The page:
Discussions of "transnational feminism" and "the
global" centered around the ways these young women
communicate with one another (given global
telecommunications technologies central to both books
-- email, text messaging, blogs, social networking
sites) across nations ABOUT nation and feminism(s).

One student researched the secretive communication
between The Feminist Press and Riverbend, who's
identity is still unknown. Other students researched
and compared the transnational political economy of
chick lit novels, TV and Cable shows, and movies as
the globalization of Carrie Bradshaw-types of young
women from "Sex in the City".

At the end of the semester, we set out to define - in
a paragraph -- "transnational feminism" and see, as
with all definitions, how limiting and impossible a
task it is.

So, one of the things I'm dubious about with
"transnational feminism" is the very production of
"transnational feminism" itself - the origin and use
of the phrase. Seems to be a Western production that
is quite problematic. I worry that the phrase does a
lot of political work itself for US complicity,
neoliberalism, whiteness, US feminism, etc. (Grewal's
_Transnational America_ is too advanced for the intro
level courses I teach...!!!)

Does anyone know any good critiques of "transnational
feminism" -- it's genealogy, how it traffics, etc.????

Thanks, Sarah

Sarah L. Rasmusson
Women's & Gender Studies Program
The College of New Jersey
Date: Sat, 22 Dec 2007 13:13:20 -0500
From: gray <gray AT TCNJ.EDU>
Subject: Re: Transnational Feminism Readings
I like Sarah's questions...I think what has happened (in part) is that the
term "transnational" has become baggy and no longer refers specifically to
the set of concepts that the people who first argued for it as an
alternative to "global" had in mind.

Grewal & Kaplan's intro to _Scattered Hegemonies_ is where I turn to refresh
my sense of why the term "transnational" became important; most often this
is the source I've seen others cite as well.

Maybe the point is: there is no single "innocent" term we can use to
describe our efforts to stretch our knowledge about women, gender, and
feminism beyond ethno/euro/etc.centric bounds.

Janet Gray
Date: Sat, 22 Dec 2007 18:14:35 +0000
From: Dina Dahbany-Miraglia <ddmqcc AT ATT.NET>
Subject: Transnational Feminism Readings

In the 1980s I taught "Women in Cross-Cultural Perspective" twice. An
ethnographer I used ethnographic materials. Except for Shulamith
Firestone's book, there was nothing in Women's Studies that even
touched on women who were not white, young, middle-class,
well-educated well-to-do to wealthy. In other words, privileged women
who are able and can afford to talk about "things." 500 POUNDS AND A

My concern? Women's Studies has ignored ethnographies and is still
paying the price. Now the "global/transnational perspective" has
simply expanded the "white" to include "women of color." I strongly
recommend avoiding creating terminologies without having thought them
through first. That means looking at huge amounts of data in as many
fields as possible. Don't imitate the so-called "theorists" who write
essentially about themselves and their limited experiences.

Yes, I know, it's hard. But feminism and Women's Studies still suffer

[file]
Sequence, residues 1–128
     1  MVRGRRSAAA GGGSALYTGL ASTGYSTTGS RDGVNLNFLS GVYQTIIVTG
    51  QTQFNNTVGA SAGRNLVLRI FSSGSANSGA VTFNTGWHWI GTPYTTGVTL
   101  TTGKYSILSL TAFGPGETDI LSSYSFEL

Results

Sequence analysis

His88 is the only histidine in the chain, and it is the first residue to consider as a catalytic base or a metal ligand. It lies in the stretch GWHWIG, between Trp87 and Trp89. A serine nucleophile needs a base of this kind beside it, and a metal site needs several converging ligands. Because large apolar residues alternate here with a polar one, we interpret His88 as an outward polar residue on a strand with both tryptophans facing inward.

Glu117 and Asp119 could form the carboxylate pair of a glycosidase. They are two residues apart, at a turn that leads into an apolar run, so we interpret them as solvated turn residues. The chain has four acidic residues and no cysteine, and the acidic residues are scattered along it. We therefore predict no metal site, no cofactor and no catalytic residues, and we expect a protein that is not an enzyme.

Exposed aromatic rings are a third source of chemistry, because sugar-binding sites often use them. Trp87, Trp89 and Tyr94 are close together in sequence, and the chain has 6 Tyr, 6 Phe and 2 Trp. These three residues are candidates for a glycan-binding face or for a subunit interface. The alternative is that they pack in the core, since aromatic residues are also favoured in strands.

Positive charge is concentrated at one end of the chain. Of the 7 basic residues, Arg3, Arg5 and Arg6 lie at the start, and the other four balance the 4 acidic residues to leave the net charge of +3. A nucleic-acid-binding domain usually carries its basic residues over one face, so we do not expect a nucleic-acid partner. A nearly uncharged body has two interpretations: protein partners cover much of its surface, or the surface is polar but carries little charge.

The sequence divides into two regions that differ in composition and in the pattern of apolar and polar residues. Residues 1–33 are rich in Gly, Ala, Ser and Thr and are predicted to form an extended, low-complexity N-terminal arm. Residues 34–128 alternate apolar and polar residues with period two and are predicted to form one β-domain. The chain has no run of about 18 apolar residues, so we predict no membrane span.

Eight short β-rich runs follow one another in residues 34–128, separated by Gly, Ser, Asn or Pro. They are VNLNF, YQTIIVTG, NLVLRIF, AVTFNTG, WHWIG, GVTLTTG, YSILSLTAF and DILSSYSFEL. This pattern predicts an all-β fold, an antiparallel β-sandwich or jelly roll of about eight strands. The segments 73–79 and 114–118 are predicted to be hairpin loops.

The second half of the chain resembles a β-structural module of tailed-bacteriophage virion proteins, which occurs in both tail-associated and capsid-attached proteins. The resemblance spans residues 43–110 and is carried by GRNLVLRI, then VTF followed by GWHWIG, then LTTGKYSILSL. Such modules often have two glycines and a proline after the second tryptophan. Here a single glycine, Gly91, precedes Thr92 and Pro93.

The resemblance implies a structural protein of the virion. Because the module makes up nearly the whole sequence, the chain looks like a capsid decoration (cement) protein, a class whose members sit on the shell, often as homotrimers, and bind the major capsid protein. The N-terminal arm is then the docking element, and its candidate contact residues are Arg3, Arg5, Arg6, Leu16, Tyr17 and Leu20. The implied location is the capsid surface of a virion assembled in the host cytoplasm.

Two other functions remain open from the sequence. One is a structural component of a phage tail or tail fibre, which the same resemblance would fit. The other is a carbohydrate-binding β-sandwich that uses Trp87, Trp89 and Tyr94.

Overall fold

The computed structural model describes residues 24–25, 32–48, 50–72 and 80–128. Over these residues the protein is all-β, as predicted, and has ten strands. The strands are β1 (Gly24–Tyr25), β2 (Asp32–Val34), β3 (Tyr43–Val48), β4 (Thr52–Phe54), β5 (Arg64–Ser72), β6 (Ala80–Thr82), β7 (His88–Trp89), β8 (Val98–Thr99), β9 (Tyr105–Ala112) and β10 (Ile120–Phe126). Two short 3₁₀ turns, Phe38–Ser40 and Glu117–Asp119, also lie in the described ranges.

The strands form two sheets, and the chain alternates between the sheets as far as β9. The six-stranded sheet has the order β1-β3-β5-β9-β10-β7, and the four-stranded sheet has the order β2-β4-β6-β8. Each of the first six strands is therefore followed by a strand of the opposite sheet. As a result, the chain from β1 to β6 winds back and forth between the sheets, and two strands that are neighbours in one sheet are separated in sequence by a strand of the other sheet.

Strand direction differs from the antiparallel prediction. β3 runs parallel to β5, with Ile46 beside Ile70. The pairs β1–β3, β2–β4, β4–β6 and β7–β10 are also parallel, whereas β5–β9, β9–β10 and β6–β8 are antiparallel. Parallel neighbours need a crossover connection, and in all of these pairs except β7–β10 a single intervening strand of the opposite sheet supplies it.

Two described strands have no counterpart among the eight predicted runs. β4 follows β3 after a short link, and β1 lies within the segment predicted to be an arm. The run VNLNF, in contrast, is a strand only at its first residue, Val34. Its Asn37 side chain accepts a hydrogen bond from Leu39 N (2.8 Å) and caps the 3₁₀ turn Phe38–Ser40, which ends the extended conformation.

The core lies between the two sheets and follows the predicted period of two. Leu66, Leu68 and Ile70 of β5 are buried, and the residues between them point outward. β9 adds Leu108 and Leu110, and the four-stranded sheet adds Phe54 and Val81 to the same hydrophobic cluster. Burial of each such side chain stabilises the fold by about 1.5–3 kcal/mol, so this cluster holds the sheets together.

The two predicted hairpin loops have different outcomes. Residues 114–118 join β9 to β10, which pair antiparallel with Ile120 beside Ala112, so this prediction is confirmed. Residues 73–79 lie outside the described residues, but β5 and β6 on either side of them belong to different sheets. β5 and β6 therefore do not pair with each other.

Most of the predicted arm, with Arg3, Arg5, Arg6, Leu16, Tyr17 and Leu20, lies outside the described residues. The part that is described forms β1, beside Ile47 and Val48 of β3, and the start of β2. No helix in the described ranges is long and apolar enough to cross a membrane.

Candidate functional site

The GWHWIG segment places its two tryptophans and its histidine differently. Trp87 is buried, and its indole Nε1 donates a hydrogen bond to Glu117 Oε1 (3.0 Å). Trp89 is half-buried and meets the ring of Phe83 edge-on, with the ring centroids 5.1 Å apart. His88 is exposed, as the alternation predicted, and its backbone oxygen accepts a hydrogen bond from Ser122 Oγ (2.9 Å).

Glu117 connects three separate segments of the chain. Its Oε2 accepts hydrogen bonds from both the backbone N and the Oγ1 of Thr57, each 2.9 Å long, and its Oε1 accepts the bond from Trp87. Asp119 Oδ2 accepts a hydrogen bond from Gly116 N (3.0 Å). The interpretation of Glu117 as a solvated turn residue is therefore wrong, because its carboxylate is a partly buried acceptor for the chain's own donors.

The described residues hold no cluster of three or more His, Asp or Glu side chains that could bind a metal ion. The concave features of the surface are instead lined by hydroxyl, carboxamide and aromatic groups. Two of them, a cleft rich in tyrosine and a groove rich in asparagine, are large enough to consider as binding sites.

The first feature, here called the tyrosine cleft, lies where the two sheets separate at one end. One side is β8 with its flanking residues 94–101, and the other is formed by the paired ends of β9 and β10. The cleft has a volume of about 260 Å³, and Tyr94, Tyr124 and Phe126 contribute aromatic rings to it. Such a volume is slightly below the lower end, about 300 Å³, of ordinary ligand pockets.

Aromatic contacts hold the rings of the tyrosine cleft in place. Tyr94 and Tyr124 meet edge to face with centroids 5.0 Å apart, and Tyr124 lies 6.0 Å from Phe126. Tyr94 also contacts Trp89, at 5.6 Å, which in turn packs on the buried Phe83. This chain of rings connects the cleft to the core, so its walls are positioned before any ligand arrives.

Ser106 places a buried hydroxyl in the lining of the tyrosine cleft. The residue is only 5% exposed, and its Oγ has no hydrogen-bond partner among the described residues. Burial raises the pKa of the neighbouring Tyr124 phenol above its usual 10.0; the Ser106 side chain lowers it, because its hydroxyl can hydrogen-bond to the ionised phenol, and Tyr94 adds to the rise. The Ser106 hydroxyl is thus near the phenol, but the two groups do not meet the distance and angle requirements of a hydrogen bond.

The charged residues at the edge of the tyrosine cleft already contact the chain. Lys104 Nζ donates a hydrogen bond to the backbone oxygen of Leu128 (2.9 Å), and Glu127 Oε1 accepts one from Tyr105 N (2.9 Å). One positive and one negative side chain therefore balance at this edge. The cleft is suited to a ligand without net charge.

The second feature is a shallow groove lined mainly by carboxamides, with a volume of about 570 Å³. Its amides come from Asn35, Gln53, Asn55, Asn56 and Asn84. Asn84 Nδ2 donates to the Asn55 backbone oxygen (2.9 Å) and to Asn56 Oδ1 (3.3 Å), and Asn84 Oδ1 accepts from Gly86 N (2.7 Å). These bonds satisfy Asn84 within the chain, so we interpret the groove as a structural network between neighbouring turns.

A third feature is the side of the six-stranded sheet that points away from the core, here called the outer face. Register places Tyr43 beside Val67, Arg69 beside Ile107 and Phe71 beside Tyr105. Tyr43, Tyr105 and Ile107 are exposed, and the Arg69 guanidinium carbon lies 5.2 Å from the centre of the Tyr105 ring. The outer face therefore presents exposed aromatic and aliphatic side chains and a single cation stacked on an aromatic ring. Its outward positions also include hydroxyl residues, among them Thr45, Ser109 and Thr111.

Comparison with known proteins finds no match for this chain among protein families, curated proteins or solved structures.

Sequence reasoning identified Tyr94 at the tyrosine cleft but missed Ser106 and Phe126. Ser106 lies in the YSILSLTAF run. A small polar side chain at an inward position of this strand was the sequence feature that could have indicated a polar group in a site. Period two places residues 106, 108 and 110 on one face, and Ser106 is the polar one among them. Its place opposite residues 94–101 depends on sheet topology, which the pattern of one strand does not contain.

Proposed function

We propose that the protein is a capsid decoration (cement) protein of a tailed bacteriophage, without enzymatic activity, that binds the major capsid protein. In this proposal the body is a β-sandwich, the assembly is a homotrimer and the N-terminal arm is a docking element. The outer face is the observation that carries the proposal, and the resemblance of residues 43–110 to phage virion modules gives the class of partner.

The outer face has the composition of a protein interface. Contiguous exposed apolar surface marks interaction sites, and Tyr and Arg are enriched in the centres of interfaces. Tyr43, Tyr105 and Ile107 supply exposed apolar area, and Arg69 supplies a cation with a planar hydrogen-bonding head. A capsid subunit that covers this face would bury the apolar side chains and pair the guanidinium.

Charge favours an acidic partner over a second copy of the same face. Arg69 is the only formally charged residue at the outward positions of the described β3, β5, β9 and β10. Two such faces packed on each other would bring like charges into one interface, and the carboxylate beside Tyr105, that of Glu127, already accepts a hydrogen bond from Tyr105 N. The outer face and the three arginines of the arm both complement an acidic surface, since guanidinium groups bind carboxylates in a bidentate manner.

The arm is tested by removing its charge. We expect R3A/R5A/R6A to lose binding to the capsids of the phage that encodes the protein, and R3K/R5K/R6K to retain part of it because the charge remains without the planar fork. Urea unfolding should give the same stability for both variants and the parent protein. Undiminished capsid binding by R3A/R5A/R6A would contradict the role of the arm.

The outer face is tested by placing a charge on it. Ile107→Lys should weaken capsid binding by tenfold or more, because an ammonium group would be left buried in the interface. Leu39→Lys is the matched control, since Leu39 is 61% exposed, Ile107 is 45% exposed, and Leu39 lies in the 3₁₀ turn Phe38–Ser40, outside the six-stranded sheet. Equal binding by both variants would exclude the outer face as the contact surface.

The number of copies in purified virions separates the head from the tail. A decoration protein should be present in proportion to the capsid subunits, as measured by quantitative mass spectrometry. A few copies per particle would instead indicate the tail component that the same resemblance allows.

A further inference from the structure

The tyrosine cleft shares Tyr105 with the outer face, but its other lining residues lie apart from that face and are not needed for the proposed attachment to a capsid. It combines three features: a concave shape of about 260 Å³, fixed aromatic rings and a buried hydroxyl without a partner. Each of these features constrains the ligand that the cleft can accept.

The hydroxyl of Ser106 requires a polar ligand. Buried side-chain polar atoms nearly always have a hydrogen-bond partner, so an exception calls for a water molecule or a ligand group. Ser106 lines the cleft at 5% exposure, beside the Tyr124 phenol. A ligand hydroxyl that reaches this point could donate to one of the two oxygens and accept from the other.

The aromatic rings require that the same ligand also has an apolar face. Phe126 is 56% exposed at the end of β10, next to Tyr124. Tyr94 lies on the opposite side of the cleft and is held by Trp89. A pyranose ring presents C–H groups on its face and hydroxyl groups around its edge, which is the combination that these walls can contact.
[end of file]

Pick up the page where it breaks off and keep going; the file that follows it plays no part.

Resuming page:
from intellectual astigmatism.

I've been a feminist since I was 7 and a "lurker" here for years,
reading the discussions with interest. Nothing has changed. Too many
of the publications are based on too little knowledge of unprivileged
women all over the globe.

Women are still short-changed and the "benefits" of feminism since the
1960s has resulted in even greater exploitation.

Please---read the ethnographies.

Dina Dahbany-Miraglia Ph.D.
Associate Professor-Retired
Queensborough Community College &
MEMEAC (Middle East& Middle East
American Center)
The City University of New York
E-mail: ddmqcc  AT  att.net
Date: Sun, 23 Dec 2007 19:52:28 -0500
From: Judith Ezekiel <ezekiel AT UNIV-TLSE2.FR>
Subject: Transnational readings
May I suggest some or all of the special issue of the Sage journal, the
European Journal of Women's Studies 9:3  (August 2002) on "The Traffic in
Feminism: Contemporaty Women's Movements in Europe"?  Although this is
changing in recent years today, I used to get annoyed by what used to be
called international and "global" feminism cut out and homogenized Europe.
Judith Ezekiel

    European Journal of Women's Studies 2002 9: 219-221.

Kathy Davis
    Feminist Body/Politics as World Traveller: Translating Our

Abigail Saguy
    International Crossways: Traffic in Sexual Harassment Policy

Katalin Fabian
    Cacophony of Voices: Interpretations of Feminism and its Consequences
for Political Action among Hungarian Women's Groups

Rebecca Nash
    Exhaustion from Explanation: Reading Czech Gender Studies in the 1990s

Kate Nash
    A Movement Moves ... Is There a Women's Movement in England Today?

Nira Yuval-Davis and Marcel Stoetzler
    Imagined Boundaries and Borders: A Gendered Gaze

Judith Ezekiel
    Le Women's Lib: Made in France


Professor in Residence
Women's Studies, Wright State University

My address from August 24, 2007
321 N. Walnut St.
Yellow Springs, Ohio 45387

ezekiel  AT  univ-tlse2.fr
judith.ezekiel  AT  wright.edu

Equipe Race et Genre, Simone-SAGESSE
UniversitT de Toulouse-Le Mirail
listmistress of etudesfeministes-l
and WISE-L: